This already happened and we have the tautology of prices deriving from prices.


    Fiat money, to use a film term, amounts to a McGuffin: an object, event, or character in a film or story that serves to set and keep the plot in motion despite usually lacking intrinsic importance.

    The last part sounds like a neoclassical claim, where money enters into relations after the fact, but I only mean to make homologous the nature of fiat money. Like the “priceless” statue from “The Maltese Falcon,” it is priceless because it cannot be converted into anything. Not because it has any actual value. It can only be circulated over time, changing hands of those who “labor” for it, but no amount of this activity will ever make it worth anything. To quote Smith:
    “The real price of everything,what everything really costs to the man who wants to acquire it, is the toil and trouble of acquiring it, and who wants to dispose of it, or exchange it for something else, is the toil and trouble which it can save himself, and it can impose upon other people… Labour was the first price — the original purchase-money that was paid for all things.” (Smith confuses price with value but understood the importance of labor-time to exchange-value)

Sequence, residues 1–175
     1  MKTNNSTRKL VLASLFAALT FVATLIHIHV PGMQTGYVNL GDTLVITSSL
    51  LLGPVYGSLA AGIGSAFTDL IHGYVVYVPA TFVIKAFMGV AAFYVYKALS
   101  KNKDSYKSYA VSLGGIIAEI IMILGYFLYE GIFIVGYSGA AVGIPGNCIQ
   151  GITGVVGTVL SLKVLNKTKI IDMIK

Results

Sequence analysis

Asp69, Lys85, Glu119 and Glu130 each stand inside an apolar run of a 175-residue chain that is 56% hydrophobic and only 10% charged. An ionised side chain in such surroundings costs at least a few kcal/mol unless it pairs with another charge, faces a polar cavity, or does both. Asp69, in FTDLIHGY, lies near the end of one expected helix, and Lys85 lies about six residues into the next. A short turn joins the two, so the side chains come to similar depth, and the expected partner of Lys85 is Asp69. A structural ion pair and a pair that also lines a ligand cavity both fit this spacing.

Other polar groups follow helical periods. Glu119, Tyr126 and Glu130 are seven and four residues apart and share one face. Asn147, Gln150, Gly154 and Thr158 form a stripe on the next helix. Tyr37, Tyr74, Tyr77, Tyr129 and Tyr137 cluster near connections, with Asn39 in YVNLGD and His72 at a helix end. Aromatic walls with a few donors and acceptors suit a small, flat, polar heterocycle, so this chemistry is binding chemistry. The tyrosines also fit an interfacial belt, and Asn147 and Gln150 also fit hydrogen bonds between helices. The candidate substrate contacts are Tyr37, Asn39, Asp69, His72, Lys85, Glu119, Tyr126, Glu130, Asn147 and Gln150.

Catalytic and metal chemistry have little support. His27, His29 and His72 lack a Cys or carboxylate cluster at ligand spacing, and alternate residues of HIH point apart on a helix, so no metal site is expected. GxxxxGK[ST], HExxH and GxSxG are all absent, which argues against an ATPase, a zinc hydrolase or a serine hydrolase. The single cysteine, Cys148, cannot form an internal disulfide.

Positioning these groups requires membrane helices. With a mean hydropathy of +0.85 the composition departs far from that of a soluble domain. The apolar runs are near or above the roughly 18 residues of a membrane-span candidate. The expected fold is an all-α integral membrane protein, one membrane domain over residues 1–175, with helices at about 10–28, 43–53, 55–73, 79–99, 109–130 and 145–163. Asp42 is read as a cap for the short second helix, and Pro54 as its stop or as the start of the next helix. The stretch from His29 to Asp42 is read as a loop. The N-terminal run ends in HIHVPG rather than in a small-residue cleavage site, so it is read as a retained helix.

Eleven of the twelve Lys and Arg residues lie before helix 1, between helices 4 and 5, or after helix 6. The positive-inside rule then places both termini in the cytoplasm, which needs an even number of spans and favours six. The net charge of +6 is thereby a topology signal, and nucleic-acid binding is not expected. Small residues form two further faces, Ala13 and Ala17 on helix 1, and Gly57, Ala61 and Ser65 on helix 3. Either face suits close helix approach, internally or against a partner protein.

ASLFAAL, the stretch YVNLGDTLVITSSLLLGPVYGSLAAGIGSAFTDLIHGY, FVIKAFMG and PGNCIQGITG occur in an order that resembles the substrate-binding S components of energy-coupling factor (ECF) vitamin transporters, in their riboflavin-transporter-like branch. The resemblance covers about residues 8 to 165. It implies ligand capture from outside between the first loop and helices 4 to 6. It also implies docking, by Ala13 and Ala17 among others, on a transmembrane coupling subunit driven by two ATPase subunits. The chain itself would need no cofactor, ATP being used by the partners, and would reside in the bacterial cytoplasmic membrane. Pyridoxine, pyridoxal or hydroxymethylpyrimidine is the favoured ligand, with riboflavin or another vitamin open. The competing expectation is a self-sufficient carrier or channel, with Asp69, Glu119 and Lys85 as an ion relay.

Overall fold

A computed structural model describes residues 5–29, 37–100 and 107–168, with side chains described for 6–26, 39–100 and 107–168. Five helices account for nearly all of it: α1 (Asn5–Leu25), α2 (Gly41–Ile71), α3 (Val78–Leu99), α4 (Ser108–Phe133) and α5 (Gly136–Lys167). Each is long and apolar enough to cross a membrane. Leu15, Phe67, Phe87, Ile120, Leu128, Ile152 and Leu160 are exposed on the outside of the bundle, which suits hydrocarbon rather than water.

The same could then be said of this fiat money: it is the ultimate, and possibly final, expression of trying to disentangle value and commodity production, and thus its historical categorization as a social relation. It also harkens back to Ricardo and his example of water and air — very useful, but you obtain nothing for them. While I fully agree with fiat money’s suppression of commodity value, it also serves to mask human labor as a source of value; it attempts to hide the use-value as a source of wealth. It is a McGuffin, driving the plot along.


  2. I don’t understand this at all. From reading Capital 1, it seems like he says a commodities money is V. The value of V is split into necessary labour time and surplus labour time. Overall this last part makes no sense, I don’t see anything in Capital supporting it.

    Overall, as someone interested in Marxian economics my explorations of Marxian value theory have just left me perplexed. I still don’t understand how simple and complex labour work, how a commodities value is defined in relation to currency etc.


  3. Sorry that was snooty, let me rephrase:

    I started reading volume 1 of Capital in the summer. I feel like I should grasp the basic concepts like abstract labour, money as a commodity etc before moving on. What I’ve found as that the Marxian economist can hardly agree on anything. I get conflicting interpretations. For example. Carchedi claims complex labour arises from the time taken to train a performer of complex labour.

    This made sense to me and I formulated my own equation.